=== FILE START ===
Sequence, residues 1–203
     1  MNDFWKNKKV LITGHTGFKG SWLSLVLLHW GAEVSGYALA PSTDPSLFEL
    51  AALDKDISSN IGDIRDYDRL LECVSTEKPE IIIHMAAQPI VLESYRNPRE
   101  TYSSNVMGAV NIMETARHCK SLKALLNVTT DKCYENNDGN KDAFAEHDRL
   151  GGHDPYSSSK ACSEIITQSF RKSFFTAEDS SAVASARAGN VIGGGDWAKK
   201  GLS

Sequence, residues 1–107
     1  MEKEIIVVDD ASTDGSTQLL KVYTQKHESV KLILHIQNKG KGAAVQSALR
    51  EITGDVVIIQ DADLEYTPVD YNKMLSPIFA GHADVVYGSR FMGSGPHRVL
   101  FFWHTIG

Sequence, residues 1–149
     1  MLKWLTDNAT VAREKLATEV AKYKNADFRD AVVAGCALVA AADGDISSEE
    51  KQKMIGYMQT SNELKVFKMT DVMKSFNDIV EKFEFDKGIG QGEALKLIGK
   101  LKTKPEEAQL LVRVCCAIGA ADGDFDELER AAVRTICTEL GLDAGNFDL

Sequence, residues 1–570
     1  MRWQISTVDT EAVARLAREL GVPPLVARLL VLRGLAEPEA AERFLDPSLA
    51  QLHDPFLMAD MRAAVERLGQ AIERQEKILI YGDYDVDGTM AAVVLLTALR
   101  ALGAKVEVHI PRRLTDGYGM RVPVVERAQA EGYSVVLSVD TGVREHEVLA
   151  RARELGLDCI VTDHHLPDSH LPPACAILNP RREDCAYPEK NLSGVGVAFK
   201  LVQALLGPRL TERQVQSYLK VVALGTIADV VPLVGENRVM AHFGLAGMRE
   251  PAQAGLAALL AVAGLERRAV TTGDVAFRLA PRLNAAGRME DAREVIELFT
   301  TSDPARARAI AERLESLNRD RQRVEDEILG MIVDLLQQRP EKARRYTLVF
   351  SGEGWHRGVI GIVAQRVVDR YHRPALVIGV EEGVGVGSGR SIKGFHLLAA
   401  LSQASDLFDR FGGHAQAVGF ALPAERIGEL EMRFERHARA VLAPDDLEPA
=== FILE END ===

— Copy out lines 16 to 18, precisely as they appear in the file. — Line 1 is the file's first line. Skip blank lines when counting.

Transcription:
     1  MRWQISTVDT EAVARLAREL GVPPLVARLL VLRGLAEPEA AERFLDPSLA
    51  QLHDPFLMAD MRAAVERLGQ AIERQEKILI YGDYDVDGTM AAVVLLTALR
   101  ALGAKVEVHI PRRLTDGYGM RVPVVERAQA EGYSVVLSVD TGVREHEVLA